When there is a collision between the plates, mountain ranges are always formed. But the interaction between the plates can be of another type besides the collision or shock. Although to understand what happens between them it is better that we begin by explaining what the plates are. What in geology we call tectonic plates are the pieces in which the outermost and most rigid layer of our planet is divided. That outer layer, rocky, is called lithosphere and is formed by the crust and the upper part of the mantle below. The lithosphere of our planet has a varied thickness as oceanic or continental. The regions emerging from the earth's surface correspond to areas with continental lithosphere that is thicker, up to 150 kilometers or more. While the oceanic lithosphere is thinner and denser, that is why it is submerged. This terrestrial lithosphere is broken into pieces, the so-called tectonic plates, which are in continuous motion with respect to each other and form a kind of puzzle. It is at the edges of those moving parts where the mountain ranges are formed, most of the largest earthquakes and active volcano alignments occur.
The pieces that make up that puzzle on the surface are seven large plates that can be made up of oceanic or continental lithosphere or pieces of both. There are also dozens of other smaller plates that accommodate large movements. Small plates tend to move faster than large ones, and all these movements are what we call plate tectonics. There are three main types of relative movement at the edges between the plates: convergence, the two plates approach; the divergence, the plates are separated; and the time when they slide next to each other.
Convergence is, for example, the case of the Himalayan mountain range, where two continental masses collide that have generated the highest mountains on our planet. Also our Pyrenees mountain range, although much smaller, has been generated by the same process. If the convergence occurs in a boundary between oceanic lithospheres or one oceanic and another continental, what happens is that one of them, always the oceanic, gets under the other. We call this action subduction and it usually causes the formation of volcanoes. That is what happens in the so-called Pacific arc of fire, where the arches of islands are generated. When the subduction is due to the convergence between a continental and an oceanic mass, as happens in the Pacific margin of South America, then a mountain range of mountains and volcanoes such as the Andes.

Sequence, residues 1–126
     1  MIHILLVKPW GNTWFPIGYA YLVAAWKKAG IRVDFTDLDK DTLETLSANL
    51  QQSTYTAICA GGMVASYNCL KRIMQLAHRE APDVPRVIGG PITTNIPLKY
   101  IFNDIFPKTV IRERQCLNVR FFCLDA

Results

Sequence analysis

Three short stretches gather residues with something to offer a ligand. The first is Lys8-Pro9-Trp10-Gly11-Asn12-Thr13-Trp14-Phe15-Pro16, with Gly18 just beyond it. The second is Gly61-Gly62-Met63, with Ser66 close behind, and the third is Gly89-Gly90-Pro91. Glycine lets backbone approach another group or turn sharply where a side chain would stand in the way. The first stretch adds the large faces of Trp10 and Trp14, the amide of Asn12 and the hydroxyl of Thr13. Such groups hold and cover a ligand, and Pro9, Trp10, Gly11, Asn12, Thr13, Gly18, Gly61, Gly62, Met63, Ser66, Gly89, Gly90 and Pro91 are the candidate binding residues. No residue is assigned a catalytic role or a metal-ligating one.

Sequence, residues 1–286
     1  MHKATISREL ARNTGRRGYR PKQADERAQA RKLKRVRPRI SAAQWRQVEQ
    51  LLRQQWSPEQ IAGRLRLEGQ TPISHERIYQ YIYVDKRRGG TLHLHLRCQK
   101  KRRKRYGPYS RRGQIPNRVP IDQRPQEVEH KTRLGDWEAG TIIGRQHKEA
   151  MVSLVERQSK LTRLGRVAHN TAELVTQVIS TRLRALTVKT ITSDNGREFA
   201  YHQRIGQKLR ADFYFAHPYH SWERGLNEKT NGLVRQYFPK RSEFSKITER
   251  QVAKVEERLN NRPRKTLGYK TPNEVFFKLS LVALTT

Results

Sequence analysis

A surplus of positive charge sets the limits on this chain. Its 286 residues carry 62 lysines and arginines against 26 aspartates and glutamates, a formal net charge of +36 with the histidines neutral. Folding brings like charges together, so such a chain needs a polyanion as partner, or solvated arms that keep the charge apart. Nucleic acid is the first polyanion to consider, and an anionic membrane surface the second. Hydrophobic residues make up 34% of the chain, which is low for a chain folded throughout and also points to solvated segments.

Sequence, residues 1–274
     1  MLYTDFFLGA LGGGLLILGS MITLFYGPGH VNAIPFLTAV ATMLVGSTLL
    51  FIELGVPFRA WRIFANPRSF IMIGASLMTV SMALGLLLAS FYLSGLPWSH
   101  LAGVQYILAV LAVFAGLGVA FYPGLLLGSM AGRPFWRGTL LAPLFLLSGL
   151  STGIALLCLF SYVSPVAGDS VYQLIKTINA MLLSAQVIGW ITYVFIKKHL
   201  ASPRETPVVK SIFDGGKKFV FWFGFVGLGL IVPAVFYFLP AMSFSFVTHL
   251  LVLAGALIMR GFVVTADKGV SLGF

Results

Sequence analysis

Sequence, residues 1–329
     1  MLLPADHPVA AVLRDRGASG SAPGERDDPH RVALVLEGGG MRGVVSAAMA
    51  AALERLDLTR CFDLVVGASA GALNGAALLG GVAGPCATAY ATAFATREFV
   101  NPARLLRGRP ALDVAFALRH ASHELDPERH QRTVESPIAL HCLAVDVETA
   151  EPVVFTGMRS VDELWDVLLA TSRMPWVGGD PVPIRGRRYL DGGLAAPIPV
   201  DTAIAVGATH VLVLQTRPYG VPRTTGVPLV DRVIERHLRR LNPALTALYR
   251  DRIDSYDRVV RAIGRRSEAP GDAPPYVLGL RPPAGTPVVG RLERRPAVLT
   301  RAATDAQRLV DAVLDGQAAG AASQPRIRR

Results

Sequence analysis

In the divergent limits, the plates separate from each other and in the hollow that originates from that separation the mantle goes towards the surface, begins to solidify and when it consolidates it creates new oceanic crust that fills the crack. Mountain ranges are also formed in this case, with a pronounced valley that marks the crack in the middle. An example is the Atlantic dorsal that forms an alignment of mountains thousands of kilometers long from south to north and is submerged in the middle of that ocean. That separation that occurs in the Atlantic dorsal causes the coasts of the eastern continents to move away from the coasts of the western ones. The speed of the separation depends on the zones, but it can reach a couple of centimeters a year which is approximately the speed at which our nails grow.
The third type of relative movement at the edges of plates occurs when they move in parallel, sliding side by side. This parallel slide can be in the opposite direction or in the same direction but at different speeds and also usually generates mountain alignments. An example of a current limit between two continental masses It is the famous San Andres fault in California, causing earthquakes of great magnitude. The current limits also occur at the bottom of the oceans between two oceanic lithospheres.
The movements of the plates and the formation of mountains like the ones we see today are processes that have existed for about a billion years. For these plates to exist, the first thing that was needed was for the Earth's crust to cool and solidify and therefore, it is possible that in the early stages of our planet since its formation some 4.5 billion years ago there were no plates or reliefs mountainous as we observe today.
Joaquina Álvarez Brown She is a doctor in Geology, head of the Department of Structure and Dynamics of the Earth and Crystallography of the Institute of Earth Sciences Jaume Almera of the CSIC
Question sent via email by J. Manuel Duque
We respond It is a weekly scientific office, sponsored by the Dr. Antoni Esteve Foundation, which answers readers' questions about science and technology. They are scientists and technologists, partners of AMIT (Association of Women Researchers and Technologists), the ones that answer those questions. Send your questions to [email protected]@gmail.com or via Twitter #nosotrasrespondemos.
Coordination and writing: Victoria Toro
(tagsToTranslate) shock (t) plate (t) tectonic (t) tectonic (t) cause (t) mountain range (t) to be (t) possible (t) stage (t) early (t) early (t) planet ( t) exist (t) relief (t) mountainous (t) observe